Problem: Next.js needs serializable content in getStaticProps.

With static Markdown, we used to get the raw content and give it as-is to Next.js, rendering it within the component. How could we do the same with a component-like document. We need serialization.

1st workaround: loading content as we render

As we can't serialize our content, we will remove this property and instead loading it dynamically when the page is rendered. Everything dynamic about your components in your MDX will get mounted afterwards, but you will get a static version first. That's it, no?

When dynamically loading a path, webpack bundles everything it finds that could match the path. You could use things like magic comments to narrow down the files imported but you'd still get every single article reference bundled within the page. What we want is just having a pre-rendered static version of the article and a reference to the dynamic version of it.

2nd workaround : using next-mdx-remote

By the time, I started exploring a solution for this (half a year ago), I stumbled upon next-mdx-enhanced and next-mdx-remote that target exactly what I enunciated before. The latter gets the content, render a static version and hydrate it back during render.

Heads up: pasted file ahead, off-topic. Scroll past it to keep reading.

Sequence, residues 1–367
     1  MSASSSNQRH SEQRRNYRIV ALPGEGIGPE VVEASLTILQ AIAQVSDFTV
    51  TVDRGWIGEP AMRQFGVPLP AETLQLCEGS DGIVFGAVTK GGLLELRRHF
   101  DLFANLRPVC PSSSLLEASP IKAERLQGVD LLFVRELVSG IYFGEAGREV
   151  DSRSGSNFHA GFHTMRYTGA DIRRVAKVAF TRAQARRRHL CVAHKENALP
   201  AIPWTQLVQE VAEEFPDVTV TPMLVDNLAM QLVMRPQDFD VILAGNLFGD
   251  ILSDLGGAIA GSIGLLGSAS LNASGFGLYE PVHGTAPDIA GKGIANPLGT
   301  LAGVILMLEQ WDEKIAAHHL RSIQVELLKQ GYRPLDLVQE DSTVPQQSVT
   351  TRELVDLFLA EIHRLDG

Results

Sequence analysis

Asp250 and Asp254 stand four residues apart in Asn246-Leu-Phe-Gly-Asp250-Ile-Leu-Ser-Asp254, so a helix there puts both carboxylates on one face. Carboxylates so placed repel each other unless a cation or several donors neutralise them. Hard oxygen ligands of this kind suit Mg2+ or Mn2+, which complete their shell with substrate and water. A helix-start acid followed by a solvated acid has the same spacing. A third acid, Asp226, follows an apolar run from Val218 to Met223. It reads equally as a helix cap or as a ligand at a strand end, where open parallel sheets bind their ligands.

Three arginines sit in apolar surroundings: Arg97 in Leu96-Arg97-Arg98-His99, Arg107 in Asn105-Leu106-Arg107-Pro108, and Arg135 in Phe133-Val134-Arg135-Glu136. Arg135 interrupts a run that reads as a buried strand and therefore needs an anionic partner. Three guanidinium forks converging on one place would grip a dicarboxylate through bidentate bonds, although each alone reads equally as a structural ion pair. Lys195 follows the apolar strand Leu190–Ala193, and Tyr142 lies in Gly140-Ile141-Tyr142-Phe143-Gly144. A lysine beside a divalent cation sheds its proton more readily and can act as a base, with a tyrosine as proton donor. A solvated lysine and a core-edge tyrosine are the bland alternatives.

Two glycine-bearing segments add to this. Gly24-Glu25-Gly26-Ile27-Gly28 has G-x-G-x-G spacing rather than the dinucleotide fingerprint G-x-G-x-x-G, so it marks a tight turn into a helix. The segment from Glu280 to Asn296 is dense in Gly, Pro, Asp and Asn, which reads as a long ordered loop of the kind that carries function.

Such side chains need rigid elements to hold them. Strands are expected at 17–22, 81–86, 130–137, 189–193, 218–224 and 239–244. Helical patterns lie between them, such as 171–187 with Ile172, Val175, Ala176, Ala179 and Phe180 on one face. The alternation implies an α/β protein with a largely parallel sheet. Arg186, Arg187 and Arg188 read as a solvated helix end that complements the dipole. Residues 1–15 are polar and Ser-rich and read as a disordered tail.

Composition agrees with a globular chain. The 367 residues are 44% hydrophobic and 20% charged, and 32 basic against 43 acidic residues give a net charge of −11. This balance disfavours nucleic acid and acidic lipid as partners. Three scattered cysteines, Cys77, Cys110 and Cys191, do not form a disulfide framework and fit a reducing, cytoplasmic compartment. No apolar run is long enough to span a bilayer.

Here, we can keep our frontmatter loader, but we need to drop anything else. We get the source and give it to renderToString. It does a little bit of magic and gives you back a serialized version you can render both server-side and client-side. You can also provide global components that gets rendered with every document (it works with next/dynamic too!). If you want to explore this solution, there's an official example within Next.js's repo.

Recently, an interesting PR got submitted: Refactor hydrate and renderToString. It greatly simplifies the internals and provides a great component interface instead of the hydrate function above. It's not ground-breaking but it's always nice to get a simplied API.

But there's still a downside with this library though. Imports are not supported within the MDX document.

The thing is, when you look at the code, nothing magic is happening really. The document is just processed through the MDX compiler and babel. I've researched and explored some solutions with plugins for those but nothing came with success.

3rd and last workaround : let's make a webpack bundle instead